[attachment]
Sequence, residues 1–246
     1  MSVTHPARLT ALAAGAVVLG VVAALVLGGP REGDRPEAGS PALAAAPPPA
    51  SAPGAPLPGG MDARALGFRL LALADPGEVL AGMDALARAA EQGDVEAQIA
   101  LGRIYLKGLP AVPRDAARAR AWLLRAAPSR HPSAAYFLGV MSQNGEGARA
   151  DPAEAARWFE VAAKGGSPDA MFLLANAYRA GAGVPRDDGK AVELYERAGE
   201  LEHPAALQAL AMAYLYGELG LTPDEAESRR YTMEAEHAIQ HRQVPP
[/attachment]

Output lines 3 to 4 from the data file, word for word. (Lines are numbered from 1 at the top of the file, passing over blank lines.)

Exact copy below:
    51  SAPGAPLPGG MDARALGFRL LALADPGEVL AGMDALARAA EQGDVEAQIA
   101  LGRIYLKGLP AVPRDAARAR AWLLRAAPSR HPSAAYFLGV MSQNGEGARA